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Alcohol and Fire

Alcohol Related Fires in the Home

Every year the Scottish Fire and Rescue Service attends a large number of alcohol related fires. Most of these fires start because people are cooking or smoking whilst under the influence of drink.

A person who has been drinking is less likely to be aware if a fire takes hold, particularly if they do not have a working smoke alarm. People under the influence of alcohol are also more likely to feel disorientated if fire breaks out, making it more difficult for them to escape. Don't fuel fire with alcohol - it only takes one act of carelessness when smoking or cooking to result in someone losing their home, their possessions or, ultimately, their life.

Alcohol and Smoking

In Scotland, most fatal fires are started by smoking. You can cut the chances of this happening to you.

  • Cigarette ends can smoulder for ages if not put out properly.
  • Stub cigarettes out properly in an ashtray - make sure there's no smoke
  • Pour water on cigar and cigarette ends before putting in a bin - ideally an outside bin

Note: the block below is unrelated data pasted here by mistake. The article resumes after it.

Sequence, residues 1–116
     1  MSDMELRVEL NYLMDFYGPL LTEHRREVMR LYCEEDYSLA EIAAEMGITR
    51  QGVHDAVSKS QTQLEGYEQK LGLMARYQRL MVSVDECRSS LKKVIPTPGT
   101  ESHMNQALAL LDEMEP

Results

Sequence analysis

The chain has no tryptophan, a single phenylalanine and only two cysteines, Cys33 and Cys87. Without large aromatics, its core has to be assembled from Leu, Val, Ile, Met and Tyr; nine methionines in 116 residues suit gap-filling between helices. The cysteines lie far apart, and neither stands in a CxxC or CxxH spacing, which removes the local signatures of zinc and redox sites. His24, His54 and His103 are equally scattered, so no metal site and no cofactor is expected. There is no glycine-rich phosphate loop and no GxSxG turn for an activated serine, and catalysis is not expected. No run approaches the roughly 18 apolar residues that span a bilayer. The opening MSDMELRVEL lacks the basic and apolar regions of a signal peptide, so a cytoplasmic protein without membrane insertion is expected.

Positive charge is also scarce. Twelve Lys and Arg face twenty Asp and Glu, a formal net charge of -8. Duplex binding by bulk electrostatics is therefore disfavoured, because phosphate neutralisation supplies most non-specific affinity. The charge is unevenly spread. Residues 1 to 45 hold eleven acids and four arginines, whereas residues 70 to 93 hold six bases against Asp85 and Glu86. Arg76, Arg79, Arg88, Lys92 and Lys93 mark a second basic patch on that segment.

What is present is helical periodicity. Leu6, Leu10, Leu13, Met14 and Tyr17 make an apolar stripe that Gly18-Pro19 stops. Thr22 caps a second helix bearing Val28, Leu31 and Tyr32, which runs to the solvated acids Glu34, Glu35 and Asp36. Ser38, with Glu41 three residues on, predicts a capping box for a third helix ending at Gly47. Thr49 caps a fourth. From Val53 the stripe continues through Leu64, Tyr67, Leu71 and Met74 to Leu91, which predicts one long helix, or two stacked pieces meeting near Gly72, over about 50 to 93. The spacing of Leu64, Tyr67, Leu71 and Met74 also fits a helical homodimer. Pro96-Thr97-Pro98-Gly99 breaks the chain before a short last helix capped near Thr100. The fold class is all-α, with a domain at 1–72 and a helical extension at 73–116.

• Never leave a cigarette, cigar or pipe unattended
  • Never empty a pipe into a bin - the ember can still be very hot even if it's not smoking
  • Never balance cigars or cigarettes on the edge of an ashtray or anything else - they can tip and fall as they burn away


Using a proper ashtray is a good start to stopping fires from smoking.

  • Empty and clean your ashtray regularly
  • Douse with water before putting the contents of the ashtray in the bin
  • Empty into a metal bin outside if you can
  • Keep paper, wrappers and other rubbish that could catch light out of your ashtray

Alcohol and sleepiness

Take extra care if you've been drinking alcohol

  • Never smoke in bed
  • Don't smoke in your chair if you've been drinking or you're feeling sleepy
  • If you do feel sleepy, smoke outside, standing up or at a window or outside door

Matches and Lighters

Keep matches and lighters out of reach of children, and away from heat sources

  • Teach children not to play with matches and lighters
  • Teach children to hand any matches or lighters they find to a responsible adult
  • Buy safety matches (ones that only strike on the box)
  • Buy lighters with safety locks and that go out when you let go of them
  • Make sure matches are out before you put them down
  • Make sure lighters are out properly before putting them down
  • Don't throw used matches straight in the bin
  • Put used matches in an ashtray or a metal or ceramic plate and empty it regularly
  • Get a flameless 'spark' lighter to light gas stoves and heaters